Decatur resident reaches century mark

Decatur resident Sadie Sims turned 100 years old on June 21. Her family celebrated the century mark at Omega World Center in Decatur. Photo by Carla Parker

While most families gathered June 21 to celebrate Father’s Day, Sadie Sims’ family gathered to celebrate her 100th birthday.

Sims, who lives in Decatur, was celebrated by her seven remaining children, 23 grandchildren, 43 great-grandchildren, five great-great grandchildren and others whose lives she has influenced throughout her 100 years.

“It feels good,” Sims said of turning 100.

Sims and her family said she is blessed to reach 100 after dealing with a couple of health scares in her 80s and 90s. She has survived two heart attacks and two strokes. She had a pacemaker put in when she was 94.

“After I got that pacemaker I wasn’t sick anymore,” she said. “Other people [have] died and gone on, and I’m still [taking care of] babies.”

“Everybody has gone on, and she’s hanging on in here,” Sims’ daughter Doris Johnson said.

Sims was born June 21, 1915 in Walnut Grove, Ga. Her mother died when she was young, and she went to live with her mother’s family. Sims was an only child, but her mother had 13 siblings. When her grandparents took her in, her aunts and uncles became her siblings.
Sims said her aunts and uncles loved her like a sister because of her grandparents’ love for her.

“They loved me because my granddaddy was crazy about me. I was his favorite,” Sims said. “Anything he was doing, and my grandmother too, I was right there helping them. The rest of the children wanted to play or go somewhere.”

Sims’ family lived on a 100-plus-acre farm. She loved to cook alongside her grandmother and milk cows with her grandfather.

“I was the tomboy,” she added. “I was always on the farm.”

Sims has fond memories of spending time with her grandfather on the farm.

“He was a good farmer,” she said. “We didn’t want for nothing.”

“Everything her grandfather taught her she did the same,” Johnson said. “Her grandfather would give you anything and feed everybody, and that’s exactly what she did. That’s why so many people know her and love her.”

Sims went to school up until the eighth grade. One could say she was home schooled after the eighth because one of her aunts would bring home her schoolbooks and teach Sims what they learned that day.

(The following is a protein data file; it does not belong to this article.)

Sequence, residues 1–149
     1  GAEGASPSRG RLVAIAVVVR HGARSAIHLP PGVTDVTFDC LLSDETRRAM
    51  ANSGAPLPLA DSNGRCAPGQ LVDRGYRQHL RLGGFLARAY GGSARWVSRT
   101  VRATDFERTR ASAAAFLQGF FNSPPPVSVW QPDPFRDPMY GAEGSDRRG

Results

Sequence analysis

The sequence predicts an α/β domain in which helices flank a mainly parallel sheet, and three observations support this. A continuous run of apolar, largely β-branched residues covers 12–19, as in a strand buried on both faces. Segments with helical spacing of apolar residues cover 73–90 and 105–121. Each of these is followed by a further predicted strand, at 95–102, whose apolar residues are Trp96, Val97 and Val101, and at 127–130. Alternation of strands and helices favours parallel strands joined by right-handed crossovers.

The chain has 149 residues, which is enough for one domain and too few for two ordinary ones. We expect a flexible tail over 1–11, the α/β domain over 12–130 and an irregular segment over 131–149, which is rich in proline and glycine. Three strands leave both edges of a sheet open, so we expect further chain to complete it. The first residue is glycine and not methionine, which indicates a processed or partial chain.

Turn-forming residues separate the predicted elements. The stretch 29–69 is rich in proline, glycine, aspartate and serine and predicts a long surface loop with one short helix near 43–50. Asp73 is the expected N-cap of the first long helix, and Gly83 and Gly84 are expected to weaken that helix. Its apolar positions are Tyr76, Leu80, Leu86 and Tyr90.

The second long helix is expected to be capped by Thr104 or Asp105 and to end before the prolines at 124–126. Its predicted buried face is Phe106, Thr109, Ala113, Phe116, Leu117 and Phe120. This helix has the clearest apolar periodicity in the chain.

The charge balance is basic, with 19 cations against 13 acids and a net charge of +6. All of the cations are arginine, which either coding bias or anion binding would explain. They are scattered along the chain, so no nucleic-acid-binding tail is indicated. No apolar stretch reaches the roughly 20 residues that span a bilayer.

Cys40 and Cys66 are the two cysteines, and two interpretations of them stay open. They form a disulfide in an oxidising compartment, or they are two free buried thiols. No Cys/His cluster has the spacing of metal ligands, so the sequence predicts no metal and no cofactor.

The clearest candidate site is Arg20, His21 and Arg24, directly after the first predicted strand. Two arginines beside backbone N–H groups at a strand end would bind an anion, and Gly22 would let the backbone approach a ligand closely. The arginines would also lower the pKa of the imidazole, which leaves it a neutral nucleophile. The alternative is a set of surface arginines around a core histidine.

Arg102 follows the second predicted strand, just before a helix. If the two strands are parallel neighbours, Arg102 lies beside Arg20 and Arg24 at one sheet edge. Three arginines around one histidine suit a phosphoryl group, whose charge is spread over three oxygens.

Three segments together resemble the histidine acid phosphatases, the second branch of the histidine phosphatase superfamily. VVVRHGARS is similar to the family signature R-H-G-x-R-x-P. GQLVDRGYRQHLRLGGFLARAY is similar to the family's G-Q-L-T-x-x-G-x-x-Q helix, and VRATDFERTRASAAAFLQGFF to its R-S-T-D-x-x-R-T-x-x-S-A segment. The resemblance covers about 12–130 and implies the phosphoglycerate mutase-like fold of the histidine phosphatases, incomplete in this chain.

“My grandmother had an education too,” she said. “She worked for a senator, and she got to go to school. My grandmother would teach us too. She taught us how to read all the big words.”
Although Sims does not have a high school diploma, Johnson said her mother is just as smart as anyone is.

“She and my daddy stressed [that] we had to get an education; they knew the value of an education,” Johnson said. “But, she read all of our school books. She’s a smart cookie.”

Sims lived on her family’s farm until she married her first husband, Robert Lowe, in her late teens.

They moved to Decatur and she had one son with Lowe. They were married for two years before Lowe died. She later married Jessie Sims and had seven children with him, including Johnson. She also raised a nephew, who she considered a son.

One of her sons passed away nearly 15 years ago and she has lost a grandson.

Sims was a stay at-home mom, but when her children got older, she worked for City Schools of Decatur as a cafeteria worker. She retired in the early 1960s, and since then has been a doting grandmother, great grandmother and great-great grandmother. She even cared for children who were not biologically hers.

“I kept everybody’s children,” Sims said.

Like any 90-plus-year-old person, Sims has seen a number of historic moments in her lifetime and has experienced many events. However, there are two events that she will never forget. One of those events was a trip to Jerusalem in 1995 with church members from Greenforest Community Baptist Church. One of the highlights of her trip included a camel ride.

“I rode that camel,” she said. “The rest of the women were scared of the camel but I wasn’t scared.”

She was also baptized in the Jordan River by the church’s pastor at the time the late, Rev. Dr. George McCalep Jr.

Sims also remembers the times she voted for President Barack Obama, the first Black president.
“I never thought I would see a Black president in my life,” she said.

“She cried when he was elected,” Johnson said. “She has a shrine of him–T-shirts, tags, everything.”

Sims has birthday letters from Obama from the last three years. This year, she will receive a proclamation from him for her 100th birthday.

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